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Clinic Corner: How to Know When to TNR

Each year in the spring, summer, and early fall, free-roaming community cats give birth to countless litters of kittens. This period, referred to as “kitten season,” is traditionally the busiest time of year for animal shelters, rescues, and trap-neuter-return (TNR) clinics. Our best defense against an overwhelming kitten season is to diligently spay and neuter our community cat population, at all times of the year. Though kitten season is when TNR clinics tend to be busiest, it’s actually very important to concentrate TNR efforts as early in the year as possible to prevent those kittens from ever being born in the first place. 

Because female cats go back into heat very quickly after giving birth, having a litter of kittens is not a reason to delay spaying. If you wait until after the kittens have been weaned, a female cat will likely already be pregnant again, or will disappear until after another litter is born. We recommend trapping these nursing female cats and bringing them in right away for spaying and vaccination. If you trap a cat who you know is nursing, it is important to alert the clinic staff when you bring the cat in. That way, they can ensure the cat’s surgery gets performed on the day of drop-off and she can go back to her kittens later that evening. 

At the York County SPCA Spay/Neuter Clinic, kittens must weigh at least three pounds to come through our TNR program. Three pounds usually corresponds to about 12 weeks of age, which is the age a kitten must be to receive a Rabies vaccine. This vaccination is included in our services when you bring a cat in for TNR. The ear tip that a cat or kitten receives when coming through a TNR program indicates that the animal has been both spayed/neutered and vaccinated against the Rabies virus. While other clinics’ policies may differ, we require kittens to be old enough to receive their Rabies vaccination at the time of their spay/neuter as the chances of that cat being caught and brought in for veterinary care again are very slim. Pennsylvania has one of the highest concentrations of Rabies cases in the country. Because Rabies is a fatal, zoonotic (can be transmitted to people) disease, we take its prevention and management very seriously.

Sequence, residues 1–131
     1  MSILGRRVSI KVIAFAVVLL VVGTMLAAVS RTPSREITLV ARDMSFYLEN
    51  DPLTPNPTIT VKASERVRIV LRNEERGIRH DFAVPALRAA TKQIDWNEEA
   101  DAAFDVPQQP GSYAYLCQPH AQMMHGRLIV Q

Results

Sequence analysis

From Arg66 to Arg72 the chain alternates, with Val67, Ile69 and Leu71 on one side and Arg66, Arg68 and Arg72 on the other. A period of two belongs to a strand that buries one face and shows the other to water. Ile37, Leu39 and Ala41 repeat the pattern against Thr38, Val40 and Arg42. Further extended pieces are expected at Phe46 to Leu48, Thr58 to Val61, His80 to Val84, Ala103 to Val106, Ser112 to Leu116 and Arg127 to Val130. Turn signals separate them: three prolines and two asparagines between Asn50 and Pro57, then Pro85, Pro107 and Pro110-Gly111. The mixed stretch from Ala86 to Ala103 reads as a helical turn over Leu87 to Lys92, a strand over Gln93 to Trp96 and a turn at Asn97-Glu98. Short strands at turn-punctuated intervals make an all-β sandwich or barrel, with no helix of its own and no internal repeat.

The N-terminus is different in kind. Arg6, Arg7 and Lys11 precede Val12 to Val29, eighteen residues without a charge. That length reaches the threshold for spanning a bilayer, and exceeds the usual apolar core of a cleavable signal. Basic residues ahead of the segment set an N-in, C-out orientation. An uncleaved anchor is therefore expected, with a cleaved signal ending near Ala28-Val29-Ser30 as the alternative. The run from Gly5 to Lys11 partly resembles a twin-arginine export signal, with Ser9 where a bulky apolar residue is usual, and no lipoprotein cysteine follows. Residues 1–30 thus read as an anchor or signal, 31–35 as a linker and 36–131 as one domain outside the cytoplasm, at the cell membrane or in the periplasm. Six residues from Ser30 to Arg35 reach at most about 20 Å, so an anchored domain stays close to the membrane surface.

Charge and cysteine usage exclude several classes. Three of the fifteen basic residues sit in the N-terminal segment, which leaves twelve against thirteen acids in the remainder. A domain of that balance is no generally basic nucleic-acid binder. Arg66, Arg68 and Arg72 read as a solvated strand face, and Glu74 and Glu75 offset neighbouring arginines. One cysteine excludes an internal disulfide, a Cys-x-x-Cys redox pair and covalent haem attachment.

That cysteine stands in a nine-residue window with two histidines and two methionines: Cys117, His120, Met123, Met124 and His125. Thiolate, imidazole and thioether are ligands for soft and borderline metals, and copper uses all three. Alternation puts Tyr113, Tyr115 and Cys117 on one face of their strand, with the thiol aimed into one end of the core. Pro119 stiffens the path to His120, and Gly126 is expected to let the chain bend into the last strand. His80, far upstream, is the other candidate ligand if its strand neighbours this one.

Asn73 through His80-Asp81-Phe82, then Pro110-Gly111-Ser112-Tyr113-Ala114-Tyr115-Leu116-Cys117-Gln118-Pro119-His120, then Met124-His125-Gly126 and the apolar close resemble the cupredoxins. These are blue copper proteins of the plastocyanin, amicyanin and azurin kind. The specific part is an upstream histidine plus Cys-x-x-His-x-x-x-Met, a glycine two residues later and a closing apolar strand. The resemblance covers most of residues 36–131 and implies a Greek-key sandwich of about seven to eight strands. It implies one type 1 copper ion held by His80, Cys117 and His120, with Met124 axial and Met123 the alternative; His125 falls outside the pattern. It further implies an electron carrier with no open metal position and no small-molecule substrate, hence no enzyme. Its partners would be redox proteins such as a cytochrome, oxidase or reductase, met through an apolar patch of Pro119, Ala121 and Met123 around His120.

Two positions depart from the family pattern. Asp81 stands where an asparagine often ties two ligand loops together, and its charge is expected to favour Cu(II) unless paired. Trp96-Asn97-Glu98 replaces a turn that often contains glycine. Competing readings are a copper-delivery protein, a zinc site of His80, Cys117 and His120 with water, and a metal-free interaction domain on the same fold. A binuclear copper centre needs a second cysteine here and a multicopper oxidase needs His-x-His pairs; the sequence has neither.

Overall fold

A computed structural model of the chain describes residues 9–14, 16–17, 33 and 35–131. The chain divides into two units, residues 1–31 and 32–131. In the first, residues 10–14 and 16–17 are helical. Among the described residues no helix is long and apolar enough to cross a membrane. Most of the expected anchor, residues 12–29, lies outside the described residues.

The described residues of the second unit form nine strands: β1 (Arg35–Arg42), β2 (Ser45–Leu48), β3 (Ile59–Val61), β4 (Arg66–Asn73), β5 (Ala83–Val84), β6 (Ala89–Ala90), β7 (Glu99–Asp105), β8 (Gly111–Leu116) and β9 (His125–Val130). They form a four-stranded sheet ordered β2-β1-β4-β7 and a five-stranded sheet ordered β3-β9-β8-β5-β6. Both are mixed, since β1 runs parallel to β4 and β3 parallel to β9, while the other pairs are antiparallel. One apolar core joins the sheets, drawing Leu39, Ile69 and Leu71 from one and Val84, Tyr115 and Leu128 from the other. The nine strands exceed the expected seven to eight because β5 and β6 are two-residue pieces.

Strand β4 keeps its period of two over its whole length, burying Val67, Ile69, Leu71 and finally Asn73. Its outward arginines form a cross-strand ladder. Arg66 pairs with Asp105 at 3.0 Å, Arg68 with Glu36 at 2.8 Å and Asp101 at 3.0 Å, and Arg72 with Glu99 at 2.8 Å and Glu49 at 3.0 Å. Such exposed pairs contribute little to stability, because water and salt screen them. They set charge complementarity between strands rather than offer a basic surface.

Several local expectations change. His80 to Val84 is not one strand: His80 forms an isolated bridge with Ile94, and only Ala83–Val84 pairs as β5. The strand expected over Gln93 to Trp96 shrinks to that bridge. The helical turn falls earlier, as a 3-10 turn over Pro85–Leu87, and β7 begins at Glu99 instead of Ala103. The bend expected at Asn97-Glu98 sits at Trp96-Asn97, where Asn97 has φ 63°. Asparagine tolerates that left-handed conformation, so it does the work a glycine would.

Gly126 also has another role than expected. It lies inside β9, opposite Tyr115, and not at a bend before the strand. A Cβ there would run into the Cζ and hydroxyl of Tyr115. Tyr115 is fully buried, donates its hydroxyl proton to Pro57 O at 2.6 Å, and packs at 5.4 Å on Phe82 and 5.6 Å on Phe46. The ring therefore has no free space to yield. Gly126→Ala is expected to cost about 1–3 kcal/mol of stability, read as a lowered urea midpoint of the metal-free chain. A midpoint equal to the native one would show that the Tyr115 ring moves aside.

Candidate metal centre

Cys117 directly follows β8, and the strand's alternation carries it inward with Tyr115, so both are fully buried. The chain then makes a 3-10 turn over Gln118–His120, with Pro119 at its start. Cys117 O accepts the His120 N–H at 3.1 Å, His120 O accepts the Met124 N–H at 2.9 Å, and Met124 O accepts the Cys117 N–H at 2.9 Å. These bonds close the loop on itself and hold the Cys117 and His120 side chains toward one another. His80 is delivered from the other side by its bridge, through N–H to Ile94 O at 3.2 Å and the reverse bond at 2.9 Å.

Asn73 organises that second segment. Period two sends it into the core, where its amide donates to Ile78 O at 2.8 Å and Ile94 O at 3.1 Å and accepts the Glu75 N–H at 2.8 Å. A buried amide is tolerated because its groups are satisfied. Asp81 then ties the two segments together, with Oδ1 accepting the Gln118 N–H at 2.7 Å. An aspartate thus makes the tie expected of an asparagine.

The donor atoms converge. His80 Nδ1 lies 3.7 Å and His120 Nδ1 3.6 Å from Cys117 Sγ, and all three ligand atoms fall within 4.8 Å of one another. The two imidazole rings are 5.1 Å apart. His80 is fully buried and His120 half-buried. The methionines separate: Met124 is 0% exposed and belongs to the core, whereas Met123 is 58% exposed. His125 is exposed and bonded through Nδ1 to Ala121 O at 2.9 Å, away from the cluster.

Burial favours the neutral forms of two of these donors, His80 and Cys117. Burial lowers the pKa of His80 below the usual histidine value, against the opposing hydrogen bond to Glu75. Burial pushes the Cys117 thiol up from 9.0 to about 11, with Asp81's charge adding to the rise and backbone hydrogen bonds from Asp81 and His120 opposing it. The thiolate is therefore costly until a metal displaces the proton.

There are a few ways to estimate whether a kitten weighs enough to come through our TNR program:

  1. Weigh your humane trap (with any bedding or food you plan on using to trap) on an accurate scale before setting it to catch any kittens. After trapping, reweigh the trap with the kitten in it. The difference in measured weights will be approximately equal to the weight of the kitten. Remember – we are looking for the kitten to weigh 3 pounds to come through our TNR program!
  2. If the kittens are social and handleable, you can look at their teeth to get an estimate of their age. All baby teeth will have erupted by 12 weeks of age. By 14 weeks of age, their first adult teeth (which are the 2 incisors right in the middle) will be coming in, with the rest of the incisor teeth quickly following. Never handle a kitten who seems feral or expose yourself to the possibility of getting bit.
  3. The more you work with TNR and cats in general, the better you will become at estimating a cat’s weight just by eyeballing it through the trap. If you are unsure whether a kitten will be big enough, feel free to ask a staff member to take a look when dropping the kitten off for TNR. Though we can’t ensure 100% accuracy, an experienced eye can help guide you until you are more familiar with estimating a kitten’s age and weight.

Walk-ins are accepted for our TNR program Monday – Thursday from 8:00-8:30 a.m. (subject to change). Each cat must arrive in a separate humane trap, and we will accept one walk-in per person, per day. To schedule appointments to bring multiple cats to the clinic at a time, please email